Should I use a calendar to keep in touch with my network?
I have heard that the best professional networkers reach out to each person in their network just often enough to keep connections from getting stale. How often should I do this, what should I send, and does anyone have experience with this kind of thing? What if they are acquaintances (for example, on LinkedIn)?
How to use Calender? Is there any URL to share with me?
I have two calendars the old fashion paper based and my digital calendar. I could not do business without a calendar, how do you schedule appointments.
network or calendar for network is only technical approach but not special and core idea which you should share (your network)
if you have a lot of "tasty" ideas for your network every day = you are welcome to share
but if you share daily with useless comments (text) it is not good and you can destroy all your communications
so first of all is your inspiration or production of your useful context for other people
as for me here (in this social net) I post not often bcs routine affairs prevent sometimes to be at 100% with head and heart in my advice so sometimes it is better to stay silent, sometimes silence is also useful but you need feel it (appropriate time) also as you can feel that it is maximum insight to help and be useful for your clients (network)
practical advice = try to see with your clients' eyes (if you would like to receive this what you would like to send and receive often or maybe opposite way - precious news but rarely)
wish you and your business good luck!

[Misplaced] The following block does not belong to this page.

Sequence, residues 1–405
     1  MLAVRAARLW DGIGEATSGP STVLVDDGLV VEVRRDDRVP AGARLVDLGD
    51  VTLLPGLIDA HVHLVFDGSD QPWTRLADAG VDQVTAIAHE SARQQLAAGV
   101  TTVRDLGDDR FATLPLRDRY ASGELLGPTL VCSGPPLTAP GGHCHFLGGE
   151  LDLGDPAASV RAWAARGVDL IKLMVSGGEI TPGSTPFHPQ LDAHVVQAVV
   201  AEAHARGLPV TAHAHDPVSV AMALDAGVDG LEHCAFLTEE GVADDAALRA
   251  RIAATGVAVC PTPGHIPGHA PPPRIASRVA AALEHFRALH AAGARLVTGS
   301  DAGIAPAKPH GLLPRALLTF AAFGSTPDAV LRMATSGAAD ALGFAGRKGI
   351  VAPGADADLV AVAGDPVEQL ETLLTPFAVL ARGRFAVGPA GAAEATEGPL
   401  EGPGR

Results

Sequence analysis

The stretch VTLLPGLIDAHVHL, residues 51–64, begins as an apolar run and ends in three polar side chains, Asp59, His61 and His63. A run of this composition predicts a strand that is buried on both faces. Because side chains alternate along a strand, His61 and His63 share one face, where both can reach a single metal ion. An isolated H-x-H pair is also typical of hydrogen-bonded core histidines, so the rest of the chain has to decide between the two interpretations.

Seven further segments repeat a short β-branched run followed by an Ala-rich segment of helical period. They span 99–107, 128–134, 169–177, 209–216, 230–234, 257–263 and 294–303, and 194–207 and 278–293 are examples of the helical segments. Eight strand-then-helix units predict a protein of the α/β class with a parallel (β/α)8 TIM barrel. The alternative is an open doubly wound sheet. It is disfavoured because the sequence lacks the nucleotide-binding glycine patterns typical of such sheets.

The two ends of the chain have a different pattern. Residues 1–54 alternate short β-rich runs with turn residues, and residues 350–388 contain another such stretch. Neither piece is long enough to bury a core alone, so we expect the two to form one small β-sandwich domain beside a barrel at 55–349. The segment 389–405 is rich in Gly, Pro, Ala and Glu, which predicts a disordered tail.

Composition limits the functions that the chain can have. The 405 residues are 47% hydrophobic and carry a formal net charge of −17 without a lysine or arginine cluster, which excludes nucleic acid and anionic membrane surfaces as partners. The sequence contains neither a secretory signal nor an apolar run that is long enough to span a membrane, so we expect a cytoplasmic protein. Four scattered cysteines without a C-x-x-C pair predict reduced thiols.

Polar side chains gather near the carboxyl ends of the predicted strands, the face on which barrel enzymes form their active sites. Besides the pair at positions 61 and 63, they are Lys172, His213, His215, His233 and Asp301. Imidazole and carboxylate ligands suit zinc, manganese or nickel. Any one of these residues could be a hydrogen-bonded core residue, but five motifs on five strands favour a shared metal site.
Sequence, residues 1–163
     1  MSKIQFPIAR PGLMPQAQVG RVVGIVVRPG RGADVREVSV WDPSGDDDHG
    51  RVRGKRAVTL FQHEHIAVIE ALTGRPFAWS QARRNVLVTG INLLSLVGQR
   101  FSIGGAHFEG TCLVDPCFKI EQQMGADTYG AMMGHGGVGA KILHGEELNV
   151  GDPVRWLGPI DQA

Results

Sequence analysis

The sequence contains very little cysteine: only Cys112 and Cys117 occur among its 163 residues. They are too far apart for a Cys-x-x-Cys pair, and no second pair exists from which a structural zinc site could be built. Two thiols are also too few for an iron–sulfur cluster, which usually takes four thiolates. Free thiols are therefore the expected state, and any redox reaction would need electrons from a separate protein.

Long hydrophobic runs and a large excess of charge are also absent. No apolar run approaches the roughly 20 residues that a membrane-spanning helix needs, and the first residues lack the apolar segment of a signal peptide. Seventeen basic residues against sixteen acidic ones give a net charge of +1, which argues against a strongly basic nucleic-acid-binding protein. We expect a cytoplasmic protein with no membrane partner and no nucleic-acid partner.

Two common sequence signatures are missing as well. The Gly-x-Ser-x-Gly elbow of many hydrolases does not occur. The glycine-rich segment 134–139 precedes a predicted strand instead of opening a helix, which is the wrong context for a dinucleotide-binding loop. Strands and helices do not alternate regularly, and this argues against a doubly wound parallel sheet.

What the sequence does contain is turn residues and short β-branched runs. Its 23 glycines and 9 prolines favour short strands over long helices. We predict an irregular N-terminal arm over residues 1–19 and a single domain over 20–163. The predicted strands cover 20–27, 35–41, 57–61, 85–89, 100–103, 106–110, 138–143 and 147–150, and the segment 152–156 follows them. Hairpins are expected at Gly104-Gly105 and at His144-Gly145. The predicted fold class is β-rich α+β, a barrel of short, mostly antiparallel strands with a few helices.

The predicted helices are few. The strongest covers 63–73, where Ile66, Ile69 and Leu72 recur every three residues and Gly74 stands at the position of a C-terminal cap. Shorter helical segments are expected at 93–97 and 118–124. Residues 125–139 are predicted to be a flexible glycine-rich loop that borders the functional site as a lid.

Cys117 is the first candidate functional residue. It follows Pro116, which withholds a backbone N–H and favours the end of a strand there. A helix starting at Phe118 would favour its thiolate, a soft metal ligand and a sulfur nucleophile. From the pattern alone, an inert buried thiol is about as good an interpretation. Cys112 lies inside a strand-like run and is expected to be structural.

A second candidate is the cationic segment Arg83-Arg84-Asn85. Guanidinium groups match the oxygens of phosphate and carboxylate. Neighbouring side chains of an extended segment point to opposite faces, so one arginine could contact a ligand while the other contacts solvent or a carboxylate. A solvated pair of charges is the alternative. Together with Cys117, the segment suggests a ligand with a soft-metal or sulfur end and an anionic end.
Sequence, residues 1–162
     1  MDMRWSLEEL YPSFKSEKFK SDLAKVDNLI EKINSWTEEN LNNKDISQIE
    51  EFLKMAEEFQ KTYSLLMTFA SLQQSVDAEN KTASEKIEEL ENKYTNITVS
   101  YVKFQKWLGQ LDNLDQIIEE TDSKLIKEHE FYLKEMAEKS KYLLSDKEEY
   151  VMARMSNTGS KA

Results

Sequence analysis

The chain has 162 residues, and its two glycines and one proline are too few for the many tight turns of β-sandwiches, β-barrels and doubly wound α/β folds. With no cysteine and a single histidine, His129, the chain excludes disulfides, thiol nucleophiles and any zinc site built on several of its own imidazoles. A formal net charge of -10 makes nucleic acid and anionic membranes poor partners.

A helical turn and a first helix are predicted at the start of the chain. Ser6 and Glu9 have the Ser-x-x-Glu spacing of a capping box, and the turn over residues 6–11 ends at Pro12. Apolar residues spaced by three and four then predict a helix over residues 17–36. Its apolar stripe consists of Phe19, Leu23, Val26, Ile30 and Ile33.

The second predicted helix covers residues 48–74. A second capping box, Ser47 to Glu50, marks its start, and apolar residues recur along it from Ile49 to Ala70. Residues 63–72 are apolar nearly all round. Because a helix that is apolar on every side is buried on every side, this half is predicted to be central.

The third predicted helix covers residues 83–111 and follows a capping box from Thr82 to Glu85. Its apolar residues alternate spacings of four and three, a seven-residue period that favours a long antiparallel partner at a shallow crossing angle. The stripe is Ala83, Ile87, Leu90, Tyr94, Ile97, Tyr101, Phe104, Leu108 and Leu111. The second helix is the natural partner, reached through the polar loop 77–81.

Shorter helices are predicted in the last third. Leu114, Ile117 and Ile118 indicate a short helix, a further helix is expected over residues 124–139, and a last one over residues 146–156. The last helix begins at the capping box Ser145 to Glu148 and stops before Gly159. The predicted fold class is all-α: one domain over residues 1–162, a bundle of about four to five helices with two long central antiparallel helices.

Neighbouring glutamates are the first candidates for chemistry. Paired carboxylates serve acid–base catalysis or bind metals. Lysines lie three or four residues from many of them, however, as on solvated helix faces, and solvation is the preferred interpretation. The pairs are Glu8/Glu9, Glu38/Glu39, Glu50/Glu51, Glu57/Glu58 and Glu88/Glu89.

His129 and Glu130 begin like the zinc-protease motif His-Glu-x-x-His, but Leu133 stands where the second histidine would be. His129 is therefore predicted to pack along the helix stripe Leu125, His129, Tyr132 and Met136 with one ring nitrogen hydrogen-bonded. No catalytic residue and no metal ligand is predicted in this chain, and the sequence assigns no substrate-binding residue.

It used to be every 6 months that I called on an account that had possibilities and I would guess that would still hold...AS you become closer maybe every quarter...
Here is the theory that I abide by...If you have just been in more direct touch with a subset of your network (event, putting on seminar or webinar, etc.), you calendar simple follow-ups (email or phone or other message) once within 24 hours, once within 48 hours, 96 hours, 144 hours and 192 hours. You might even add one inside of the first 24 hours, and you are continuing to remind them of whatever call-to-action you are focused on.
Given than statistically only 3% of prospects are actively seeking the product or service you provide at any one moment, it is imperative that you stay in touch with ALL of your network regularly. They are not thinking about you all the time, and you have to keep your name in front of them by providing regular 'touches' of value. This could be a blog, newsletter, video, 'quote of the day', etc. Some people subscribe to the theory that you should actually do this once a week. I personally feel that is too much, and I aim for once every 2 weeks.
I never fail to get some response from my network from each touch effort. I forget the actual statistics, but it is something like, it takes an average of 12-14 touches before someone will engage with you, but most of us quit after 2.
I hope this makes sense and is a response to what you are asking.
It is very crucial for the professional networkers to design and schedule of the meeting to get the maximum mileage from that network. You always need to felt your presence and not over-throwing yourself. Yes, maintaining a calender is mandatory, to keep you updated.
Absolutely, even the sharpest minds forget things in passing, don't they? It's human nature.